HomeNewsPhilippine scientists call for strategic oversight of West Philippine Sea amid territorial...

Philippine scientists call for strategic oversight of West Philippine Sea amid territorial conflicts

The country’s leading scientists convened at the University of the Philippines – Diliman to call for long-term monitoring and sustainable management of the West Philippine Sea’s resources, highlighting the need amidst ongoing territorial disputes. 

The event, SCIENCE X WPS: Opportunities and Challenges for Scientists in the West Philippine Sea, was held on May 13, 2024, and focused on the myriad of challenges that impact the region.

Dr. Giovanni Tapang, Dean of UPD College of Science, outlined the multifaceted nature of the West Philippine Sea issues. 

“We are eager to work with all stakeholders to comprehensively address these challenges,” said Dr. Tapang.

Dr. Laura David, Director of UPD-CS Marine Science Institute, discussed the ecological risks from climate change, overfishing, and pollution. She described the decline in coral reefs and fish populations due to island reclamation and noted the presence of international debris affecting marine biodiversity. 

“Reclamation has significantly reduced the number of live coral reefs as occupations increase,” Dr. David said. “This issue extends beyond local impact, affecting the entire South China Sea region.”

Dr. Fernando Siringan of the National Academy of Science and Technology emphasized the importance of understanding natural hazards such as tsunamis and their potential impact on island developments. 

- Newsletter -

“It’s critical to include the effects of tsunamis in our island development strategies,” he said.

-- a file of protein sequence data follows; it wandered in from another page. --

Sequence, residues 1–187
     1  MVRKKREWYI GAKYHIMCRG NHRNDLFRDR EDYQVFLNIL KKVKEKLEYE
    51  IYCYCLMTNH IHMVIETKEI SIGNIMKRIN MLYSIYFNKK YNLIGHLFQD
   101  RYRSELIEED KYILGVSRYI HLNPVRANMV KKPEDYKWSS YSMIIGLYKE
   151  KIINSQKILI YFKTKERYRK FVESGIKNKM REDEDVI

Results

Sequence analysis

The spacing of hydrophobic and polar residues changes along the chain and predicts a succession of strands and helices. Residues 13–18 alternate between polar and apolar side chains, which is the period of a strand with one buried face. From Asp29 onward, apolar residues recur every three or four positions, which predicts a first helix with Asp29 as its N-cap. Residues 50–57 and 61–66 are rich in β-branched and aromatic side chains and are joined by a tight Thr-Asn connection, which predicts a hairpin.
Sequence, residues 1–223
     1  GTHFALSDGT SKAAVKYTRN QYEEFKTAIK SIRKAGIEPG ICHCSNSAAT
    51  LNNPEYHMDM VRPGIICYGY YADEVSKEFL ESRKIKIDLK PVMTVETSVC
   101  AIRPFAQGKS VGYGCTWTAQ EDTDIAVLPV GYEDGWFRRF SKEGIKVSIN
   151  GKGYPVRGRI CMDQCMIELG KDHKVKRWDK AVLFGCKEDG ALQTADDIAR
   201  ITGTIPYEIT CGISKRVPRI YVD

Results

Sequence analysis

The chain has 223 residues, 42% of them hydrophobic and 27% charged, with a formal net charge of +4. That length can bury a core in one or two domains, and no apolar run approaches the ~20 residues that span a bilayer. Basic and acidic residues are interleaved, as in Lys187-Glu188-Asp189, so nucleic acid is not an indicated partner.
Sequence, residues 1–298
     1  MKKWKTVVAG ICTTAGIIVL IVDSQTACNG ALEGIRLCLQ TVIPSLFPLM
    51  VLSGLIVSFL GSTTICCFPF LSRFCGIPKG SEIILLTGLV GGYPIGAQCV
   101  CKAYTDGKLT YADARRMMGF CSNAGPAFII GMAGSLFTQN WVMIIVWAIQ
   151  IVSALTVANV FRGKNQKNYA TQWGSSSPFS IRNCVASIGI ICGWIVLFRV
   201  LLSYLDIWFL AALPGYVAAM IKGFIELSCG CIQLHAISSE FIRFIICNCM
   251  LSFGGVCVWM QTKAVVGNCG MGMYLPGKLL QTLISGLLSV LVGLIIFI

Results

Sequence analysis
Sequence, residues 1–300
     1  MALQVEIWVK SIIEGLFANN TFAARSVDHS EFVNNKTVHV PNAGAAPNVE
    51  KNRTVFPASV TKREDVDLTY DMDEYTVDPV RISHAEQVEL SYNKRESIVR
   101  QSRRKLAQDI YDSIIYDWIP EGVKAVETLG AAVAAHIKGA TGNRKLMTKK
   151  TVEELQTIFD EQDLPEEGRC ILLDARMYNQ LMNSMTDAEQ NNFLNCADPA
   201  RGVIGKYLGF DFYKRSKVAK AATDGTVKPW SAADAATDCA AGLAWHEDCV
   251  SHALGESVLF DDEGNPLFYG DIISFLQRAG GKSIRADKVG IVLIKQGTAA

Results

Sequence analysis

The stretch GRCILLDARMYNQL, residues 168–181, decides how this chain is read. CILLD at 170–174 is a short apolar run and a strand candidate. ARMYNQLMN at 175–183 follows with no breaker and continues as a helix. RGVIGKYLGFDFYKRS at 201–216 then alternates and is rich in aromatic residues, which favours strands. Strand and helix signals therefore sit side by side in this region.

Dr. Siringan also called for more research funding and the development of marine stations like the one on Pagasa Island to boost collaborative efforts.

Professor Herman Joseph Kraft of the UPD Department of Political Science analyzed the geopolitical tensions, particularly focusing on China’s expansive claims marked by the nine-dash line. 

“China’s claims are excessive and far-reaching,” explained Professor Kraft. He highlighted the necessity of multilateral cooperation to manage the geopolitical dynamics involving major powers such as the United States and China.

Dr. Jonathan Anticamara of the Institute of Biology spoke about the socioeconomic impacts of depleting fish stocks on local communities.

“As our fishing capabilities expand, our fish stocks decrease, leading to significant economic difficulties for our fisherfolk,” he said.

Dr. Anticamara stressed the importance of a balanced approach to marine resource management to ensure both food security and economic viability.

The forum concluded with a unified call for a systematic approach to managing the resources of the West Philippine Sea, urging government support for scientific research and international cooperation to ensure the sustainability of this crucial marine area.

© Copyright LiCAS.news. All rights reserved. Republication of this article without express permission from LiCAS.news is strictly prohibited. For republication rights, please contact us at: [email protected]

Support LiCAS.news

We work tirelessly each day to tell the stories of those living on the fringe of society in Asia and how the Church in all its forms - be it lay, religious or priests - carries out its mission to support those in need, the neglected and the voiceless.
We need your help to continue our work each day. Make a difference and donate today.